They did this together for three weeks, Wednesday through Friday, in preparation for the solo show. “I feel like my whole family is putting on an art show,” says Maea, describing opening week.

Several people are sitting on the grass, cutting and weaving palm trees.

For three weeks, Maria Maea met up with her family in Long Beach. Together they cut and weaved palm trees in preparation for their first solo show at Murmurs Gallery. “I feel like my whole family is putting on an art show,” says Maea.

(Samanta Helou Hernandez / For the Times)

In many ways, for Maea, the process is more important than the outcome. By gathering their family and creating art together, they infused memories and emotions into the objects themselves, they connected in new ways and they had the opportunity to show their creativity.

“I can remember the parts of the sculpture where I was mad at my boyfriend or talking to my mother,” she explains. “We collect memories along the way, they all live in these weaves and these moments that are in a larger piece.”

The result is an allegory, a myth of her own creation: a whirlpool of palm trees from which emerges a figure of Maea’s mother, her brother’s sculpture standing nearby, separated from the whirlpool with the sunflower fishing rod that has its characteristic Long Beach Cap puts on Converse Chuck Taylors. Beside him is a cast of his son’s face, encased in a jasmine bush that grew in Maea’s garden. To bring this sculpture to the gallery, the jasmine bush was supplanted, resulting in root shock, a metaphor for migration and diaspora.

“When I make these humanoid sculptures, I see them as storytellers,” she explains. “I keep using my mother’s face because it tells this story about who we are.”

Maea’s sculptures have a broken element, much like the broken nature of memories.

Ultimately, this work, this process, asks us to think about how memory, whether ancestral, familial or cultural, works. How does it bend, break, evolve over time to serve our needs? How does it finally become a myth?

Maria Maea's mother, Susan Tuilaepa, helped weave many of the sculptures in the exhibition.

Maria Maea’s mother, Susan Tuilaepa, helped weave many of the sculptures in the exhibition, including the centerpiece: a whirlpool of palm fronds from which a sculpture of Tuilaepa emerges. She also created a body of braided palms wearing a traditional Samoan headdress, which is on display in a dedicated room within the gallery.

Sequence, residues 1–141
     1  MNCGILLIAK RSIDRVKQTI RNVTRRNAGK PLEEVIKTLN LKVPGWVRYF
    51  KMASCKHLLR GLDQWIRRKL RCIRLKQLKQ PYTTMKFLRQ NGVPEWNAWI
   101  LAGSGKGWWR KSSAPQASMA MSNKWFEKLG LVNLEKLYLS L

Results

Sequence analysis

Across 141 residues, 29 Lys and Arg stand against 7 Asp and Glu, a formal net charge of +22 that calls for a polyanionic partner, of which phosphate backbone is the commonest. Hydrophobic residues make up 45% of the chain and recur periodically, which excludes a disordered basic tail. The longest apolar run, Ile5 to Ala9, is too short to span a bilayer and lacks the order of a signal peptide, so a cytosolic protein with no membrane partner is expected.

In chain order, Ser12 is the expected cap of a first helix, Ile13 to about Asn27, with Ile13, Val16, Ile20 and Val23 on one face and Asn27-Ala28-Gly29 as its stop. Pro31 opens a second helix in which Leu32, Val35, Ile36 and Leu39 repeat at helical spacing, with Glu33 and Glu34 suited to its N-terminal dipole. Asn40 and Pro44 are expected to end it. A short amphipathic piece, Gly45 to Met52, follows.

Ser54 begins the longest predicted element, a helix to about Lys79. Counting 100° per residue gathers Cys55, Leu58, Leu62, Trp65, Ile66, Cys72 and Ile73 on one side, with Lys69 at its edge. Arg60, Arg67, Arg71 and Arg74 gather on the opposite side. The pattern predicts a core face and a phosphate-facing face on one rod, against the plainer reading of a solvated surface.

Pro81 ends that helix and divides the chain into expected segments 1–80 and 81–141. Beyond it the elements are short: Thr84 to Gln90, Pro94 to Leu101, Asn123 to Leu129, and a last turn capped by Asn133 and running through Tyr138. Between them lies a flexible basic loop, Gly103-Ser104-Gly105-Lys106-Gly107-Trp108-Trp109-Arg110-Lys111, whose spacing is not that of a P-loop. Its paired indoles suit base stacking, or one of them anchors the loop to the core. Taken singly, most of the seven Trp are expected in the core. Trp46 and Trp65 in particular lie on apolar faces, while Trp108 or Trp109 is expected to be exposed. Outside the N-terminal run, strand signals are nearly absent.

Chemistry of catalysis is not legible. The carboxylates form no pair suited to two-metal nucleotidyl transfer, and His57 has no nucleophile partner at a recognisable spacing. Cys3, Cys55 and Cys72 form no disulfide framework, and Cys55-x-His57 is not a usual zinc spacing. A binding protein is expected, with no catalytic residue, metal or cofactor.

(Samanta Helou Hernandez/For the Times)

Maria Maea's brother, Martin Tuilaepa, collaborated with his sister and mother to create the sculptures.

For almost a month, Maria Maea’s brother, Martin Tuilaepa, worked with his sister and mother to create the sculptures featured in All In Time, Maea’s first solo show at Murmurs Gallery.

(Samanta Helou Hernandez/For the Times)

Martin Tuilaepa worked with his sister and mother to create the sculptures shown.

(Samanta Helou Hernandez/For the Times)

A sculpture of Maria Maea's nephew.

A sculpture of Maria Maea’s nephew, covered in jasmine and spurge, stood in Maea’s backyard until she moved it to the gallery.

(Samanta Helou Hernandez/For the Times)

The complex identity of the palm tree in Los Angeles is both inspiration and mirror for Maria Maea.

The complex identity of the palm tree in Los Angeles is both inspiration and mirror for Maria Maea.

(Samanta Helou Hernandez/For the Times)

The complex identity of the palm tree in Los Angeles is both inspiration and mirror for Maria Maea.

The complex identity of the palm tree in Los Angeles is both inspiration and mirror for Maria Maea.

(Samanta Helou Hernandez/For the Times)

A woman holds a palm tree.

Maria Maea holds a palm tree, a medium she often uses in her work.

(Samanta Helou Hernandez / For the Times)

A woven hot tub in the front yard of Maria Maea's family home in Long Beach.

What would eventually become a woven whirlpool at the center of the gallery sits in the front yard of Maria Maea’s family home in Long Beach.

(Samanta Helou Hernandez/For the Times)

Maea's own garden is a reflection of her own creative spirit, plant material abounds, grows wild and creates dreamscapes.

Maea’s own garden, pictured above, is a reflection of her own creative spirit, plant material abounds, grows wild and creates dreamscapes.

(Samanta Helou Hernandez/For the Times)

The sculpture of Maria Maea's nephew in a new home.

Over several weeks, the sculpture of Maria Maea’s nephew, now in a new home, shed threads and seeds, milkweed beetles wandered through the vines and parts of the plant slowly died while others grew.

(Samanta Helou Hernandez / For the Times)

A whirlpool of palm fronds takes center stage in Murmur's gallery as a sculpture of Maria Maea's mother emerges.

A whirlpool of palm fronds takes center stage in Murmur’s gallery as a sculpture of Maria Maea’s mother emerges.

(Samanta Helou Hernandez/For the Times)

“All in Time”

Where: Murmur’s Gallery, 1411 Newton Street, Los Angeles
When: Tuesdays and Wednesdays, Fridays and Saturdays from 11 a.m. to 6 p.m. Closed on Sundays, Mondays and Thursdays.
The information:

https://www.latimes.com/entertainment-arts/story/2022-12-09/maria-maea-artist-palms-los-angeles In artist Maria Maea’s hands, the palm becomes a medium

Sarah Ridley